Since the body and mind are intertwined, when one is feeling better, the other will and that is how exercise helps your mental health.
Exercise, Trauma and PTSD
Evidently, being mindful of your body and how it feels when exercising will assist your nervous system get “unstuck” and start to emerge from the stiffness stress reaction that defines PTSD or trauma.
Instead of letting your thoughts stray, concentrate on the actual sensations in your joints, muscles, and even internal organs as you move your body during exercise.
Some of your greatest options are cross-movement exercises that use both your arms and legs, such as walking in sand, jogging, swimming, lifting weights, or dancing.
if you carry out in outdoor activities like hiking, sailing, mountain biking, rock climbing, whitewater rafting, and skiing, Symptoms of PTSD can be reduced.
How to Get Started With Exercise During Mental Health Issues
A lot of us find it difficult to exercise sometimes because of a lack of motivation, especially during mental health issues, which can make us feel trapped.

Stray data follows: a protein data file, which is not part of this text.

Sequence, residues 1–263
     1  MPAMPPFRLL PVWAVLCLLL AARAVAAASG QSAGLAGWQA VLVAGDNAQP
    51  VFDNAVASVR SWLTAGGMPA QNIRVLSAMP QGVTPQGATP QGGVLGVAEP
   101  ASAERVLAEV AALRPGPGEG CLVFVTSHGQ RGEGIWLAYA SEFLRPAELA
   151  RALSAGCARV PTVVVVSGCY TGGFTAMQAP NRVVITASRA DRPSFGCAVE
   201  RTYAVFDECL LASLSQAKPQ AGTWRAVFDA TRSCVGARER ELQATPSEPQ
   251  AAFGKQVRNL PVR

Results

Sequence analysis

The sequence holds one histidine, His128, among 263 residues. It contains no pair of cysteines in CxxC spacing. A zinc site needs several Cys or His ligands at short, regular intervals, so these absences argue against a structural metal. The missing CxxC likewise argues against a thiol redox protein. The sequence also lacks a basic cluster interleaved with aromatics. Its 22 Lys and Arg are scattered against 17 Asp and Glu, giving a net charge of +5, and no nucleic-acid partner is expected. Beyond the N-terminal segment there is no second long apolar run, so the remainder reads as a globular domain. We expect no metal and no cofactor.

Exercising makes you feel better, but you have been so depressed that you lack motivation. However, below are some of the ways to begin and stay motivated.
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Begin Small. When you’re suffering from depression and haven’t exercised in a long time, do not plan to achieve exaggerated feats like running a marathon or working out for an hour every morning. Instead of feeling terrible if you don’t achieve that goal, start small as your body permits.